Paul Giles, “‘By Degrees’: Jane Austen’s Chronometric Style of World Literature” (pp. 265–293)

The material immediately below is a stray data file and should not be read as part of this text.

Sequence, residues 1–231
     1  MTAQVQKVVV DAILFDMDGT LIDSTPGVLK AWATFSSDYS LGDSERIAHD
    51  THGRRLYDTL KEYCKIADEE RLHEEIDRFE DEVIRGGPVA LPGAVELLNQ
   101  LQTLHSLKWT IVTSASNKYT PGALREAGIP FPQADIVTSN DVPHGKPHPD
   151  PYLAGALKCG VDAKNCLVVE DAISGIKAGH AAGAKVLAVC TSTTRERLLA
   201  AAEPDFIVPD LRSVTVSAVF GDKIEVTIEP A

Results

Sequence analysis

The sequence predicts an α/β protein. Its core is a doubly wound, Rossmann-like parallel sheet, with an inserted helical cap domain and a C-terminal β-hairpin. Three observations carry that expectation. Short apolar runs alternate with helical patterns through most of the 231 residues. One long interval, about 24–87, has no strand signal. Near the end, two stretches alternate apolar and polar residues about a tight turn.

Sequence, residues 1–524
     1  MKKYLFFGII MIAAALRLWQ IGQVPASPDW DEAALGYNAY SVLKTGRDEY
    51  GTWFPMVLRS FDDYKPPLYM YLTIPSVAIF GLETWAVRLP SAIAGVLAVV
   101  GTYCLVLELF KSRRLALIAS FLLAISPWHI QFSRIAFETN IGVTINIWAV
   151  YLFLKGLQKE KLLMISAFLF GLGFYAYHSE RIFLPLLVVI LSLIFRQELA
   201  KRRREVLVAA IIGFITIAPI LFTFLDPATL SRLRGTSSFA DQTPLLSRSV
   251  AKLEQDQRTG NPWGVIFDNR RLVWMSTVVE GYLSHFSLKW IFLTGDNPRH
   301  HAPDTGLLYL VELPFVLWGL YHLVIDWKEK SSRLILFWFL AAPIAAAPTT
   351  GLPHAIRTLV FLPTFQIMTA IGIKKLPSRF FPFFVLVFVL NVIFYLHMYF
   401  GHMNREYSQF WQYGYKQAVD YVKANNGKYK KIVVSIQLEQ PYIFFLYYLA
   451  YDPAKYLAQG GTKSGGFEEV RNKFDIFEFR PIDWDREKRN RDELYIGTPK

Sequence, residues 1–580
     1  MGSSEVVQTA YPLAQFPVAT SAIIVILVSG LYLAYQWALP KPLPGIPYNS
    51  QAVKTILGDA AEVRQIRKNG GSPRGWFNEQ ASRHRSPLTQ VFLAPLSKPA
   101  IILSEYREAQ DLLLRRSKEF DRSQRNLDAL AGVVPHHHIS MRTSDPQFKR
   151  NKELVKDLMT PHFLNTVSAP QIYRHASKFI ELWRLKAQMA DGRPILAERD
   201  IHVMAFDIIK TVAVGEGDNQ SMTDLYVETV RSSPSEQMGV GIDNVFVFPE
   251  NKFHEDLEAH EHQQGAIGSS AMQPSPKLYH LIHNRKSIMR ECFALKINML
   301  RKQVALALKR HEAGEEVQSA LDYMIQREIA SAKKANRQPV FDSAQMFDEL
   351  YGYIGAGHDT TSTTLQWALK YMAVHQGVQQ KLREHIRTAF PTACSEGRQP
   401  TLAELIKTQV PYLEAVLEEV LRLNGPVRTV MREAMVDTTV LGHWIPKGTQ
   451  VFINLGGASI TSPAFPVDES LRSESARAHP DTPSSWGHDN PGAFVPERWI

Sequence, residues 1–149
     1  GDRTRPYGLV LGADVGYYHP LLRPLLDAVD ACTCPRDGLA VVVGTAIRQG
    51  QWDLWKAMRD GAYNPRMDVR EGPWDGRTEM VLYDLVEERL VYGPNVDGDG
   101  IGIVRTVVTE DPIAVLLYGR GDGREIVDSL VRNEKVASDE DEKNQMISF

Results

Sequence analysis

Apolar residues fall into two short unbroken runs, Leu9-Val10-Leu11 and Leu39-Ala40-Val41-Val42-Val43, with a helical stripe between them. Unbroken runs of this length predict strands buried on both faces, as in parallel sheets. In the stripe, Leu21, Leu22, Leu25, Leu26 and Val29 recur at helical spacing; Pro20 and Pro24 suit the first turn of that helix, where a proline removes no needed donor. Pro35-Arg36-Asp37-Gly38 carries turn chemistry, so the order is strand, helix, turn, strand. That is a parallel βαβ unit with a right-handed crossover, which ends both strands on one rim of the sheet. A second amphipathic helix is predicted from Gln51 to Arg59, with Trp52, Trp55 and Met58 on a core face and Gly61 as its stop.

This essay considers how Jane Austen’s work relates to “World Literature” by internalizing a chronometric style. Examining the emergence of the chronometer in the eighteenth century, it suggests how Austen drew on nautical frames of reference to combine disparate trajectories of local realism, geographical distance, and historical time. The essay thus argues that Austen’s fiction is interwoven with a reflexive mode of cartographic mapping, one that draws aesthetically on nautical instruments to remap time and space. This style involves charting various fluctuations of perspective that reorder history, memory, and genealogy, while also recalibrating Britain’s position in relation to the wider world. Moving on from an initial analysis of Austen’s juvenilia and early novels, the essay proceeds in its second part to discuss Mansfield Park (1814) in relation to Pacific exploration and trade. In its third part, it considers Emma (1815) in the context of comic distortions and the misreadings that arise from temporal and spatial compressions in the narrative, a form heightened by the novel’s reflexive wordplay. Hence the essay argues that Austen’s particular style of World Literature integrates chronometric cartography with domestic circumstances, an elusive idiom that also manifests itself in relation to the gender dynamics of Persuasion (1817) and the unfinished “Sanditon,” as discussed in the essay’s concluding pages. This is correlated finally with the way Austen’s novels are calibrated, either directly or indirectly, in relation to a global orbit.

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